Advertisement

Common Passwords and Common Words in Passwords

  • Jikai LiEmail author
  • Ethan Zeigler
  • Thomas Holland
  • Dimitris Papamichail
  • David Greco
  • Joshua Grabentein
  • Daan Liang
Conference paper
  • 313 Downloads
Part of the Advances in Intelligent Systems and Computing book series (AISC, volume 1160)

Abstract

Passwords often include dictionary words or meaningful strings. Figuring out these words or strings may significantly reduce the number of password guessing. The wordlists used by password cracking software, such as Hashcat, typically include the words from various dictionaries and leaked plain passwords. Is it really necessary to put all dictionary words and leaked passwords into the wordlist? In this work, we use Mac system dictionary and rockyou.com leak as two sample wordlists to check the substrings of over 600 million leaked passwords from different websites. We find only a small portion of words from these two wordlists are used by the leaked passwords. More specifically, about 90,000 out of 235,886 Mac dictionary words and about six millions out of 13 millions rockyou.com unique passwords are used by the leaked passwords. In addition to that, we find that a small portion of unique passwords are shared by a large portion of accounts.

Keywords

Password Hashcat Dictionary Substring 

References

  1. 1.
  2. 2.
    Selena, L.: Every single Yahoo account was hacked - 3 billion in all (2017). http://money.cnn.com/2017/10/03/technology/business/yahoo-breach-3-billion-accounts/index.html
  3. 3.
    Jeremi, M.G.: How LinkedIn’s password sloppiness hurts us all (2016). https://arstechnica.com/information-technology/2016/06/how-linkedins-password-sloppiness-hurts-us-all/
  4. 4.
    Dan, G.: 6.6 million plaintext passwords exposed as site gets hacked to the bone (2016). https://arstechnica.com/information-technology/2016/09/plaintext-passwords-and-wealth-of-other-data-for-6-6-million-people-go-public/
  5. 5.
  6. 6.
    John the Ripper password cracker. https://www.openwall.com/john/
  7. 7.
  8. 8.
  9. 9.
    Tatli, E.I.: Cracking more password hashes with patterns. IEEE Trans. Inf. Forensics Secur. 10(8), 1656–1665 (2015)CrossRefGoogle Scholar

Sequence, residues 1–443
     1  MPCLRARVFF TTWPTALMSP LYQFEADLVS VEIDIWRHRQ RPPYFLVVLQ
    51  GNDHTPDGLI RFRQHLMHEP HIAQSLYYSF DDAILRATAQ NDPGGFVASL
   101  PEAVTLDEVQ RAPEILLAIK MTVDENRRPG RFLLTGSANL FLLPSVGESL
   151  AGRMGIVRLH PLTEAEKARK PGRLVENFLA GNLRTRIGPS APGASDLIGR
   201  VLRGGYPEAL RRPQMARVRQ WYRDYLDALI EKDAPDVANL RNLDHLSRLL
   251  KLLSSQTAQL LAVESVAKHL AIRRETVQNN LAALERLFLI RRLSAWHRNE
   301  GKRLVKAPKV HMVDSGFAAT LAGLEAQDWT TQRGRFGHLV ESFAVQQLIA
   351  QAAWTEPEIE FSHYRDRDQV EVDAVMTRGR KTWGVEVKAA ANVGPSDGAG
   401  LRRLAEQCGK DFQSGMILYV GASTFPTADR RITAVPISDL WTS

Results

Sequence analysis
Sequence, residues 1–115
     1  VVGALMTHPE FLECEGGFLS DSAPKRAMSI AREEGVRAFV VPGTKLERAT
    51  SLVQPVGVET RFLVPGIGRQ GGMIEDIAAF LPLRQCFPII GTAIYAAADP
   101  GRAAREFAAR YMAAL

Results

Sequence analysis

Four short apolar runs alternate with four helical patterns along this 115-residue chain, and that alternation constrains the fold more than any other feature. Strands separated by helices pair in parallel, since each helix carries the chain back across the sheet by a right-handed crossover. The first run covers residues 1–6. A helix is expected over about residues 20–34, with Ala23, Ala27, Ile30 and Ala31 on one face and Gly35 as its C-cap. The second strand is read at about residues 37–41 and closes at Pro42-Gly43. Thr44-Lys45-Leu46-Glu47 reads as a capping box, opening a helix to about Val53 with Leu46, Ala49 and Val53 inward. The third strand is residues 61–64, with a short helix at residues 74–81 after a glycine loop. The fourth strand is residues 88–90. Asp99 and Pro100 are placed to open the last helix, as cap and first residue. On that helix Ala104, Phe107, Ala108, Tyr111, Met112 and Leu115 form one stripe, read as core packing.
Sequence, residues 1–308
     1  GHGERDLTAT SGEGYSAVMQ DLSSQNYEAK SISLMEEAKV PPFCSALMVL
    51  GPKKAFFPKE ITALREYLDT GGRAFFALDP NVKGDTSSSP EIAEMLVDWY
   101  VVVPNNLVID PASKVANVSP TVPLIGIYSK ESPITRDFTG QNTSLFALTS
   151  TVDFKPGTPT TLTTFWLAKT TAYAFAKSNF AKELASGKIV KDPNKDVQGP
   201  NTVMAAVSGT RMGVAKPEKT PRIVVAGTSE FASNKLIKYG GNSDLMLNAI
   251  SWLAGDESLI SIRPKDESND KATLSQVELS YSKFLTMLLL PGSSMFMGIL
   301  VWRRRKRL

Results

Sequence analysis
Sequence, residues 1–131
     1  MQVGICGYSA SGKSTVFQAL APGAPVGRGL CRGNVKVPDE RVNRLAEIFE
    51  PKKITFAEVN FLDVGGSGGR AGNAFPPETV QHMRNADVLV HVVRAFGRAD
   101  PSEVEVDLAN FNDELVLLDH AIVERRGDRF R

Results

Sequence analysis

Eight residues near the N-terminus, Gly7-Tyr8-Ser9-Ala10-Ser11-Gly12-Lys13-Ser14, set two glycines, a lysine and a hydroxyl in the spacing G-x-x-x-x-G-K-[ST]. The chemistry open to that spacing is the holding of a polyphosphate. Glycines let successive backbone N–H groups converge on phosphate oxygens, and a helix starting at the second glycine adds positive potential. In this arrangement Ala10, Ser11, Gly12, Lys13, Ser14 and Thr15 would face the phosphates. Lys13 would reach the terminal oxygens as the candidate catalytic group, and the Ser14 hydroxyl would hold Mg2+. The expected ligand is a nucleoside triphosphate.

10. 10.
  11. 11.
    Weir, M., Aggarwal, S., De Medeiros, B., Glodek, B.: Password cracking using probabilistic context-free grammars. In: 30th IEEE Symposium on Security and Privacy, pp. 391–405 (2009).  https://doi.org/10.1109/SP.2009.8
  12. 12.
    Veras, R., Collins, C., Thorpe, J.: On the semantic patterns of passwords and their security impact. In: Proceedings of the Network Distribution System Security Symposium (2014)Google Scholar
  13. 13.
    Xu, R., Chen, X., Wang, X., Shi, J.: An in-depth study of digits in passwords for Chinese websites. In: IEEE Third International Conference on Data Science in Cyberspace (DSC), Guangzhou, pp. 588-595 (2018).  https://doi.org/10.1109/DSC.2018.00094
  14. 14.
    Melicher, W., Ur, B., Segreti, S.M., Komanduri, S., Bauer, L., Christin, N., Cranor, L.F.: Fast, lean, and accurate: modeling password guessability using neural networks. In: USENIX Security Symposium (2016)Google Scholar
  15. 15.
    Bonneau, J.: The science of guessing: analyzing an anonymized corpus of 70 million passwords. In: IEEE Symposium on Security and Privacy, pp. 538–552 (2012)Google Scholar
  16. 16.
    Malone, D., Maher, K.: Investigating the distribution of password choices. In: Proceedings of the 21st International Conference on World Wide Web (WWW 2012), pp. 301-310 (2012)Google Scholar
  17. 17.
    Han, G., Yu, Y., Li, X., Chen, K., Li, H.: Characterizing the semantics of passwords: the role of pinyin for Chinese Netizens. Comput. Stan. Interfaces 54(Part 1), 20–28 (2017)CrossRefGoogle Scholar
  18. 18.
    Morris, R., Thompson, K.: Password Security: A Case History 22(11), 594–597 (1979)Google Scholar
  19. 19.
    Kumar, M.: Collection of 1.4 Billion Plain-Text Leaked Passwords Found Circulating Online. https://thehackernews.com/2017/12/data-breach-password-list.html
  20. 20.
  21. 21.
    Aho, A., Corasick, M.: Efficient string matching: an aid to bibliographic search. Commun. ACM 18(6), 333–340 (1975).  https://doi.org/10.1145/360825.360855MathSciNetCrossRefzbMATHGoogle Scholar

Copyright information

© The Editor(s) (if applicable) and The Author(s), under exclusive license to Springer Nature Switzerland AG 2020

Authors and Affiliations

  • Jikai Li
    • 1
    Email author
  • Ethan Zeigler
    • 1
  • Thomas Holland
    • 1
  • Dimitris Papamichail
    • 1
  • David Greco
    • 1
  • Joshua Grabentein
    • 1
  • Daan Liang
    • 2
  1. 1.The College of New JerseyEwingUSA
  2. 2.Department of Civil, Construction and Environmental EngineeringUniversity of AlabamaTuscaloosaUSA

Personalised recommendations